De sociale relaties van de bevolking van Curaçao : resultaten Sociale Cohesieonderzoek 2015
Social cohesion measures the sense of unity, mutual involvement and community responsibility among a country’s inhabitants. In order to describe the levels of social cohesion on Curaçao, a questionnaire was prepared after consulting local and international literature as well as actors in the local cultural sector, with questions on different subjects required in order to measure social cohesion within the community of Curaçao.
Stratified sampling with proportional allocation was used for the survey. A total of 2626 respondents participated. A weighting factor was applied to correct for distortions with respect to the population and the figures were grossed up. To describe the views of distinct groups in the Curaçaoan community on the different subjects, a number of demographic groups were analyzed in the survey, namely neighborhood-SES level, age, sex and country of birth.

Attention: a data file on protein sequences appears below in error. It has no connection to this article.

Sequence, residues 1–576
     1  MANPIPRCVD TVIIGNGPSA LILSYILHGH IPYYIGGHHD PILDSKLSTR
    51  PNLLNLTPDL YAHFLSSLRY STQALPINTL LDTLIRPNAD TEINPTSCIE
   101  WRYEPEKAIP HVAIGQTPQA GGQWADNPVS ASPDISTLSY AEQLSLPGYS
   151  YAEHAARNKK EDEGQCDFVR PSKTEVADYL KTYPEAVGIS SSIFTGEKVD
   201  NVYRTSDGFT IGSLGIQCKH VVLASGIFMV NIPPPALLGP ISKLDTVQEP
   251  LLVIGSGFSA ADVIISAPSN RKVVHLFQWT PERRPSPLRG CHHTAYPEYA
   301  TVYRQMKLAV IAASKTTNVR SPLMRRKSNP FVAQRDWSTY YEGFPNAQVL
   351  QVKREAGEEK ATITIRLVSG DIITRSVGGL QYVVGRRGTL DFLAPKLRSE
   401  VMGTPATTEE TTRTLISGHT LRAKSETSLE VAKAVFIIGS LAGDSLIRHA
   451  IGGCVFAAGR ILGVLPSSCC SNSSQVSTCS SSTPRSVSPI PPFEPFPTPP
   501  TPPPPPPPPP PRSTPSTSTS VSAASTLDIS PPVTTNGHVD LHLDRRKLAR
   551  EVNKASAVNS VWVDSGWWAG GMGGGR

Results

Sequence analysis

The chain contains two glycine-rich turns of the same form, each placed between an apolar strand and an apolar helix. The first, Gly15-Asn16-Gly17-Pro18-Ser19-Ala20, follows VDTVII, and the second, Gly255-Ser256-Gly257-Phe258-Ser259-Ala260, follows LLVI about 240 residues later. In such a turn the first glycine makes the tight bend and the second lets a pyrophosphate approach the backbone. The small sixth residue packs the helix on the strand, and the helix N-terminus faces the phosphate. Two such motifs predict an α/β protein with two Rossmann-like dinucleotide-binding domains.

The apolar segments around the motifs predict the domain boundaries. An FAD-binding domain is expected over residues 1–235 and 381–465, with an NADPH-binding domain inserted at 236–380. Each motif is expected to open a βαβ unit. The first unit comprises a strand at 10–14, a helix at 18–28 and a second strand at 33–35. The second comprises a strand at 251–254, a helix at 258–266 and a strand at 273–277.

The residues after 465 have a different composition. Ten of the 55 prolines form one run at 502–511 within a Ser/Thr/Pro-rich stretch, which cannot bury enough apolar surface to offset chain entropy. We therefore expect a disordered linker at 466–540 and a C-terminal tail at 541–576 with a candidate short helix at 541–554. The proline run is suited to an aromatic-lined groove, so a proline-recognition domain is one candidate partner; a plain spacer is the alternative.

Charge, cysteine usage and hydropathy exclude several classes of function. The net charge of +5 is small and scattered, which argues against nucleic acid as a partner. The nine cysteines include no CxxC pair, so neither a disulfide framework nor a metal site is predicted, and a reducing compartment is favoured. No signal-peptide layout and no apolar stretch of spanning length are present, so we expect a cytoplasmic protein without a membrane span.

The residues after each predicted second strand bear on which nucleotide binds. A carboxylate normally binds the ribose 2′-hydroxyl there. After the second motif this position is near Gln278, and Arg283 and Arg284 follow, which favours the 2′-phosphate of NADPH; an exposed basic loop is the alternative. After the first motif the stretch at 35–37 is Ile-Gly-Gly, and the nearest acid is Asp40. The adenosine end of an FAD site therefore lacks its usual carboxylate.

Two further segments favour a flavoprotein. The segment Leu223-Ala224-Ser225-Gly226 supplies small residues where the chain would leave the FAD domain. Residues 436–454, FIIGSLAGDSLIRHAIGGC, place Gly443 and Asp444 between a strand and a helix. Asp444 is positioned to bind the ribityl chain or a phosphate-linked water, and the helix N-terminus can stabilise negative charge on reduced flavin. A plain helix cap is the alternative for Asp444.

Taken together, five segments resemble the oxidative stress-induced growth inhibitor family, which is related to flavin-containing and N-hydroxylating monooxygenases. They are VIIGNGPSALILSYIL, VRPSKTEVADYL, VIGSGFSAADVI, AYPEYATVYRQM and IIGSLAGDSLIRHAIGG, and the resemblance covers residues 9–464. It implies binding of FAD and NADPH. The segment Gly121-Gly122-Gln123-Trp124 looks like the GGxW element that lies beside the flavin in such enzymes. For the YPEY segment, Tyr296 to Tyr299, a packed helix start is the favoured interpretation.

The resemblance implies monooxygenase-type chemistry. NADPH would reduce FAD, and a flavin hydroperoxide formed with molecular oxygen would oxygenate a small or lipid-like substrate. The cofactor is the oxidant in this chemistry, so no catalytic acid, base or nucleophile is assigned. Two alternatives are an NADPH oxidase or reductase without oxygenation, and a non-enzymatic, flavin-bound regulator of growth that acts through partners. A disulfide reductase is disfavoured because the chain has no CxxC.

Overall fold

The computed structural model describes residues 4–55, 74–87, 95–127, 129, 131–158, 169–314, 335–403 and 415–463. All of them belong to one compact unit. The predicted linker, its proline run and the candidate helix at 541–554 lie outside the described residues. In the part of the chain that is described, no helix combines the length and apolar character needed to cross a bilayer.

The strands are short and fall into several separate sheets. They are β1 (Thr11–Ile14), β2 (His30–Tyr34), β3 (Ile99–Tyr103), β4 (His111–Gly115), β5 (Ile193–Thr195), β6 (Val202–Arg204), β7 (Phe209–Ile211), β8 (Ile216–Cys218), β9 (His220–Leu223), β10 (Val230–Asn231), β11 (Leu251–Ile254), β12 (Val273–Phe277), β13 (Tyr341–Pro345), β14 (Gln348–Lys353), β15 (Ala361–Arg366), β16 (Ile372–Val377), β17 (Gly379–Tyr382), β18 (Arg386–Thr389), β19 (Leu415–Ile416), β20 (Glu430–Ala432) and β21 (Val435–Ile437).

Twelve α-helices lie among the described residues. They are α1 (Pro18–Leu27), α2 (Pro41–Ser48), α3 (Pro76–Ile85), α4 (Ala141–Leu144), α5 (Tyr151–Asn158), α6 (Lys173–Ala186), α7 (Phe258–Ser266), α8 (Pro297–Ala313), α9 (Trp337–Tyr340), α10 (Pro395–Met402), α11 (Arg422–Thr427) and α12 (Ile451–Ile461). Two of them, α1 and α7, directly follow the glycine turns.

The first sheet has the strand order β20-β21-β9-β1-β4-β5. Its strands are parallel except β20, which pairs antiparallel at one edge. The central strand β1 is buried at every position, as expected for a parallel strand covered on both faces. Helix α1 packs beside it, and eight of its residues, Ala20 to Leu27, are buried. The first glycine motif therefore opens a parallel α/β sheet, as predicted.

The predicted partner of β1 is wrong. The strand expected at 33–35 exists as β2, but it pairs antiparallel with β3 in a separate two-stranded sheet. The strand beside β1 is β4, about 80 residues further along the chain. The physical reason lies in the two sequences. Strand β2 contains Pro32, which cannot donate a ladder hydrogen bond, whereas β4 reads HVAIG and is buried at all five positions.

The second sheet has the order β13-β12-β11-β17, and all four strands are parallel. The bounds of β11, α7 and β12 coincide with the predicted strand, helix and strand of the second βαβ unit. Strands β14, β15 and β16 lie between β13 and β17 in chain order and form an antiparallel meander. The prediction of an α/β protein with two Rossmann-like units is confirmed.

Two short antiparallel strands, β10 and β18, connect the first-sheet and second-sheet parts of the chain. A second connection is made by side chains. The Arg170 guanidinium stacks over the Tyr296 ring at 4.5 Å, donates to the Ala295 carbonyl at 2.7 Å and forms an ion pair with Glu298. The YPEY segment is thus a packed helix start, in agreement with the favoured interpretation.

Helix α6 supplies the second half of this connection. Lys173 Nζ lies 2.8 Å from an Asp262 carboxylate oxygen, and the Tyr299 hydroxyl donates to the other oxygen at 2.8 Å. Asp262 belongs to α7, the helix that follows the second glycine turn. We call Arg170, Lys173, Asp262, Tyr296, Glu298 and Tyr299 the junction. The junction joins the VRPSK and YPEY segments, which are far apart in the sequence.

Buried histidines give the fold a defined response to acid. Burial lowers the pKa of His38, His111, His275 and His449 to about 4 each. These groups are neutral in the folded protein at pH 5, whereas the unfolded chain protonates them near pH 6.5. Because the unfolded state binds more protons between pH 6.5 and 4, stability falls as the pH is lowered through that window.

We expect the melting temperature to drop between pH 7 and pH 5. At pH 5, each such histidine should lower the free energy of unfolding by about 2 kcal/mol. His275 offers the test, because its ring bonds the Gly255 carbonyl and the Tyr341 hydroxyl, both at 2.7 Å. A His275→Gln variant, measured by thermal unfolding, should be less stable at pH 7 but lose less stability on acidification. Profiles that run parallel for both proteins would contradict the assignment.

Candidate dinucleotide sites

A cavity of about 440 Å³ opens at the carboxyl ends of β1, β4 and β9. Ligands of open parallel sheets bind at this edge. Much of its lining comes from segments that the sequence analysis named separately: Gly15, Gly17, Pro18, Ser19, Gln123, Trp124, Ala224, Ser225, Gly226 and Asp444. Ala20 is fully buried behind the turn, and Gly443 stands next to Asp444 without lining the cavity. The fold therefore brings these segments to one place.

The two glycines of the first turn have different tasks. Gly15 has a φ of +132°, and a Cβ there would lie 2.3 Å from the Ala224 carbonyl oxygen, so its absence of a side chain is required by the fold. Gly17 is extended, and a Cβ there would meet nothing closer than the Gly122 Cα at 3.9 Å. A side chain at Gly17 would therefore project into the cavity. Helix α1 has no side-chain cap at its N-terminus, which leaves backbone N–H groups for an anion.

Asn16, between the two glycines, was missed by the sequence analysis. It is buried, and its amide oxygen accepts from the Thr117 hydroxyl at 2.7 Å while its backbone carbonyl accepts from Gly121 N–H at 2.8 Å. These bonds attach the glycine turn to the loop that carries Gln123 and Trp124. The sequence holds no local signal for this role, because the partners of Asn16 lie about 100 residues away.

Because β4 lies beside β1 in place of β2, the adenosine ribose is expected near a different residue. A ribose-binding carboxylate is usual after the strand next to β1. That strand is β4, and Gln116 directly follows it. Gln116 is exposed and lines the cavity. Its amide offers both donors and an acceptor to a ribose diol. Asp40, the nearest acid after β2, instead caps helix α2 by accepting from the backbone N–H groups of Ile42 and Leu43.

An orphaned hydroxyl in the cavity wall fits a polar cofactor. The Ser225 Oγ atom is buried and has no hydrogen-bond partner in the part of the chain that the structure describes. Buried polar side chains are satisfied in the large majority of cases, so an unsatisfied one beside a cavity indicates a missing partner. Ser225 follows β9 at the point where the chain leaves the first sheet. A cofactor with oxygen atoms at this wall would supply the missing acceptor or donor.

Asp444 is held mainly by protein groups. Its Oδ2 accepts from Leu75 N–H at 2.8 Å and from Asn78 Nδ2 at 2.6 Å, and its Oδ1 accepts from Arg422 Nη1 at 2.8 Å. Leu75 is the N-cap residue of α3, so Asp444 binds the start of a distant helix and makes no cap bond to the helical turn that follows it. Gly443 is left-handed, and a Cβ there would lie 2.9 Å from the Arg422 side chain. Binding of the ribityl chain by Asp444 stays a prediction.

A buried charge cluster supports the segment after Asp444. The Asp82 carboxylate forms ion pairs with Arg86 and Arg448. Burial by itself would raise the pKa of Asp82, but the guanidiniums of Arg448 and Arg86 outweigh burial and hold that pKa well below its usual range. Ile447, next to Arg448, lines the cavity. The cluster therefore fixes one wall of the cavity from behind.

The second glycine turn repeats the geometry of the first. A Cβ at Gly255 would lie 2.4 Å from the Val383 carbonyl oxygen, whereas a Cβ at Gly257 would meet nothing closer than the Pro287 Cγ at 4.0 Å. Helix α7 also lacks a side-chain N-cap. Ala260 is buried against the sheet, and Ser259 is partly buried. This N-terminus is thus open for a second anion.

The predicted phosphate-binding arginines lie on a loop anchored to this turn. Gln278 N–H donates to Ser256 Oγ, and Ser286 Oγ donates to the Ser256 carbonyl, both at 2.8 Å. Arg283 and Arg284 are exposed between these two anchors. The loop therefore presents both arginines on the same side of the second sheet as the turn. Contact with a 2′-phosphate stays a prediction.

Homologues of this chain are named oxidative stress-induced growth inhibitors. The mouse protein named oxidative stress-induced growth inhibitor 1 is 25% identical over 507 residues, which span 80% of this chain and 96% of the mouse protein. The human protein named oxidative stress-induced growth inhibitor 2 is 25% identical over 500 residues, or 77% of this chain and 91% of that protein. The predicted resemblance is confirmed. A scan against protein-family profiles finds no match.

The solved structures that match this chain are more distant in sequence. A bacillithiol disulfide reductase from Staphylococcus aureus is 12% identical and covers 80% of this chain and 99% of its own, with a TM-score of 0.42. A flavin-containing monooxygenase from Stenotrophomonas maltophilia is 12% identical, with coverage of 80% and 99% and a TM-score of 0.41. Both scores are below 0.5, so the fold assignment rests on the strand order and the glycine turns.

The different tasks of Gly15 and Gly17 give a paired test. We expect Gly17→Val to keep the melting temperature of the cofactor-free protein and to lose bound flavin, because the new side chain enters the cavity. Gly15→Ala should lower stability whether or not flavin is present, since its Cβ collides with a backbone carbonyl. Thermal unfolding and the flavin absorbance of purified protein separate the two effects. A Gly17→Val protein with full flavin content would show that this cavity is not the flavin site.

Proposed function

The following are some interesting results:
Subjective wellbeing: Varying by surveyed demographic group, both agreements and differences of opinion can be seen in the population’s perceived quality of life. Confidence: In the Curaçaoan population, the level of trust in others and in institutions is low. Participation: The Curaçaoan population’s level of participation varies across all the surveyed demographic groups. Inclusion: Members of the community are relatively open toward others, and there is a high level of pride about Curaçao.
Social Mobility: This refers to the upward or downward movement of people within society. The demographic groups analyzed show differences with regard to the members’ personal social development as well as to the future social development they expect for their children. Social Engagement: People feel positively about their neighborhood and there is agreement across all demographic groups on matters involving solidarity toward others. Finally, there is also consensus across most demographic groups with respect to the guidelines on good and evil.
As this was the first time this survey was held in its present form in Curaçao and the region, there is as yet no formula available providing an unequivocal answer on the state of social cohesion on the island. The results can, however, provide an indication of how the population thinks about different social-cohesion related issues. In the future, these initial measurements may be used as benchmarks with which to comp